< Go back | About this article | Edit form | Issue 48 | Boiling Point Main Page | Articles Archive | Submit a paper
Rice husk – an alternative fuel in Peru
Authors: Estela Assureira
Issue 48: Promoting household energy for poverty reduction


This study investigates the usefulness of rice husk as an alternative fuel for household energy. The work included an analysis of the production of rice in Perú, visits to the productive zones, evaluation of rice husk, development and test of rice husk briquettes and the stoves that use them as fuel.

Rice husk in Perú

Currently, in Perú, the use of the agricultural wastes as fuel is limited and inefficient. In 1999 a study was implemented to identify those agricultural wastes with the most useful energy potential within Perú; rice husk, black coffee husk and cotton stalks were found to be best. This conclusion was reached through a study of the fraction of the wastes produced, and where they had been produced in the previous seven years. Other factors included the distance between the users and the point of waste generation, the economic and environmental advantages
and disadvantages of its elimination, the use of the waste in non-power applications, and the registered worldwide experience of its use.
Figure 1: Rice production in Peru

The species of rice that is cultivated in the Perú is oryza sativa. Between 1992 to 2001, production reached 1900 kilotonnes per year, as shown in Figure 1. Rice is processed in 471 mills, and 70% of them are located in the north of the country. The rice husk generated in the milling process represents about 20% of the rice casing. At present, only 5% of the rice husk is used as a fuel – in brick manufacture in Piura – the rest is burned or thrown into the river.

An analysis of the rice husk produced in northern Perú show that volatiles comprise nearly 60% of the total residue mass, with carbon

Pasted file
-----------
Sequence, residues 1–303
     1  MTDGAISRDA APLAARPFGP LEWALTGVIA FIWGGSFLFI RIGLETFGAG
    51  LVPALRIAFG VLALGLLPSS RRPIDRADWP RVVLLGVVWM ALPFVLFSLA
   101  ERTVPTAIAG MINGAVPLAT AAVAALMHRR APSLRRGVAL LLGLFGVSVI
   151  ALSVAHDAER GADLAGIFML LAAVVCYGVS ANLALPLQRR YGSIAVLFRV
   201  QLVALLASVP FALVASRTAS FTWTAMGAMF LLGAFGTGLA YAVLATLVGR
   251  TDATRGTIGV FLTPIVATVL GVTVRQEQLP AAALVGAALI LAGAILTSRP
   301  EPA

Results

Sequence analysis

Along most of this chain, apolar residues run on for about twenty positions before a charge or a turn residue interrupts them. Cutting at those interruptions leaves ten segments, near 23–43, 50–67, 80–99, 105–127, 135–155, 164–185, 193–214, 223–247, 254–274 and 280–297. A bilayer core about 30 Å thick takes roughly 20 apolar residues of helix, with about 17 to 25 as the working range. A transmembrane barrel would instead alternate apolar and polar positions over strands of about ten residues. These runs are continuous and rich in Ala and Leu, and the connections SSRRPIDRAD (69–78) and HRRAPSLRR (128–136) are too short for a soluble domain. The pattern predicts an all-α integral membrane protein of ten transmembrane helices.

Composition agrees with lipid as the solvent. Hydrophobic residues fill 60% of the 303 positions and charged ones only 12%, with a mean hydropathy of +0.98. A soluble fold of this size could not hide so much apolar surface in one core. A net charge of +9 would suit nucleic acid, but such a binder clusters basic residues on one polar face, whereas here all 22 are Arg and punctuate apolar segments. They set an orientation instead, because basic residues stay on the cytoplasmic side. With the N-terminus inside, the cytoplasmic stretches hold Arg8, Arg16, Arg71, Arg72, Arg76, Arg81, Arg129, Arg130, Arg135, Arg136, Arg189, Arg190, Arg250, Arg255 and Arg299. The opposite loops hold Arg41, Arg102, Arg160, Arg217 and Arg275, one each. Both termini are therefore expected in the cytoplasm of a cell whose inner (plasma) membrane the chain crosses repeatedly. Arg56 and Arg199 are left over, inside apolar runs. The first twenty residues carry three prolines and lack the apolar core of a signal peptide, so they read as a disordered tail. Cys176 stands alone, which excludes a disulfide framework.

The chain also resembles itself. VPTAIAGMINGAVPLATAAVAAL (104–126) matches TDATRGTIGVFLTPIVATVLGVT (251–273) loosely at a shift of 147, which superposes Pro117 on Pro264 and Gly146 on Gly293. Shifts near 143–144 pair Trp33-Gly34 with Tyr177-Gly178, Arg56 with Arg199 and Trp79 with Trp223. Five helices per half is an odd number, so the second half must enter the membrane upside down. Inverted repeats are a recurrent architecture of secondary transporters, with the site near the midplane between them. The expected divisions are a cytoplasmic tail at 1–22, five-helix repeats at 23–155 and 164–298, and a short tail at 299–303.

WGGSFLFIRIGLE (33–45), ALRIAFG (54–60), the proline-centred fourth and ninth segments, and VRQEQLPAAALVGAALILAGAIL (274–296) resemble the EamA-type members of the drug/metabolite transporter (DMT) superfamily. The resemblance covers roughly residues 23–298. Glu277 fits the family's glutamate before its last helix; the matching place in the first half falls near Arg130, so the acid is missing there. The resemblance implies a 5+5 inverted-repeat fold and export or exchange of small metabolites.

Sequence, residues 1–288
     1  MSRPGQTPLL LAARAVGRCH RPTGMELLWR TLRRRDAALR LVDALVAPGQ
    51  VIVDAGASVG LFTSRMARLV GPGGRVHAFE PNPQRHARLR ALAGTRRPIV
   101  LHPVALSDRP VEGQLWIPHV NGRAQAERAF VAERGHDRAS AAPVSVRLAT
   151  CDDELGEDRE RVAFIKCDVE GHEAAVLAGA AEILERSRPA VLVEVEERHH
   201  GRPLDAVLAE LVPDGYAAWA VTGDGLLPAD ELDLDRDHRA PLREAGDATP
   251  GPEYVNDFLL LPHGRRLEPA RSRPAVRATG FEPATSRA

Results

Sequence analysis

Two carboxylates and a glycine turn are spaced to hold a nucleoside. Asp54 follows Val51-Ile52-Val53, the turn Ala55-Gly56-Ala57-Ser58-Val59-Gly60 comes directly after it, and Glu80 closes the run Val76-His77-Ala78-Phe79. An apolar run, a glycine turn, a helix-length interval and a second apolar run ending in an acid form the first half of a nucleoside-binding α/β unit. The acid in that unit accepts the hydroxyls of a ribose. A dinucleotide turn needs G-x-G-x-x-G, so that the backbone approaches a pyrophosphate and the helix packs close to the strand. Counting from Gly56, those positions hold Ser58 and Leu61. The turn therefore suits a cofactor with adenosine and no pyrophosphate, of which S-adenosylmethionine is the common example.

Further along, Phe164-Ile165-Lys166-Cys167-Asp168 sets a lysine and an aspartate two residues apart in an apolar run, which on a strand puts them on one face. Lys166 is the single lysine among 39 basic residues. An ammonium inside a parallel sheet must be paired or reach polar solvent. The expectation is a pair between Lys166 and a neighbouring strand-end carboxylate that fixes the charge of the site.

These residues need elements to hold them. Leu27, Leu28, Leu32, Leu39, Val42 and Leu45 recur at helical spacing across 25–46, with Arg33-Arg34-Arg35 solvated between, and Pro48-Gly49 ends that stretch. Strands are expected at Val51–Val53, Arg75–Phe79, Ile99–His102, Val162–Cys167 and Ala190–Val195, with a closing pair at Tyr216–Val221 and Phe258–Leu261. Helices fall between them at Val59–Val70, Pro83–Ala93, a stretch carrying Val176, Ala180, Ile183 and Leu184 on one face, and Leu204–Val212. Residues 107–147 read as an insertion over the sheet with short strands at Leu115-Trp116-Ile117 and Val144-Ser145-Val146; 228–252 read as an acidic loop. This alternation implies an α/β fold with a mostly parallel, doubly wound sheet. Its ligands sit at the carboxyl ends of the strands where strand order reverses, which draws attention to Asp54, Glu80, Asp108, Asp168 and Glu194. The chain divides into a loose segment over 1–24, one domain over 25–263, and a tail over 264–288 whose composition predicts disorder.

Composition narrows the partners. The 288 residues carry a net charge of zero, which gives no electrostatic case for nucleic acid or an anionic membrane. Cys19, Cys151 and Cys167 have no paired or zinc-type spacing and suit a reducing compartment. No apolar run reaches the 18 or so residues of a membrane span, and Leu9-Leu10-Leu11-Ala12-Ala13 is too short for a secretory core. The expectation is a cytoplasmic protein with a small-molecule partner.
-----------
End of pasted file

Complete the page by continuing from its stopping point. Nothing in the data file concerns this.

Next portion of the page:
accounting for over 30% (Table 1).

Maximum calorific values are similar to wood and other agricultural wastes. However, the low density of the husk makes it difficult to store and
increases the cost of transportation.

Around 380 000 tonnes per year of rice husk are produced, which could provide 120 000 TOE (tonnes oil equivalent) per year of available energy. Of this, 60 % is very accessible because of its concentration and its proximity to local markets.
Table 1: Analysis of rice husks

Rice husk briquettes

Briquetting is a technology which uses either a dry or a wet process to compress rice husks into different shapes. The dry briquetting process requires high pressure and does not use a binder. This process is expensive and recommended only for high production levels. On the other hand, using a wet process allows lower pressure equipment, but a binder must be used.
Figure 2: Rice husk briquettes

In this project, cylindrical briquettes were made using mechanical compression and including a binder in the mix (Figure 2). The mixture comprised well-rotted husk with a binder of clay, bentonite or yucca starch. The use of a binder allowed lower pressures to be used. The briquettes could be made in small quantities, and the skills needed to operate the equipment were easy to learn. In addition, the binders selected are available in the market, are not expensive and provide a strong bond.